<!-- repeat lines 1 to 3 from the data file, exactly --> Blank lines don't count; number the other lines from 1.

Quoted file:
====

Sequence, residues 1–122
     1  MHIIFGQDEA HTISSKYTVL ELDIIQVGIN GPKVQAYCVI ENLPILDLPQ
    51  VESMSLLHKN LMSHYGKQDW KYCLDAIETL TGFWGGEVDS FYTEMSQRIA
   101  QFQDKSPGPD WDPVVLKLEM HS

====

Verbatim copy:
Sequence, residues 1–122
     1  MHIIFGQDEA HTISSKYTVL ELDIIQVGIN GPKVQAYCVI ENLPILDLPQ
    51  VESMSLLHKN LMSHYGKQDW KYCLDAIETL TGFWGGEVDS FYTEMSQRIA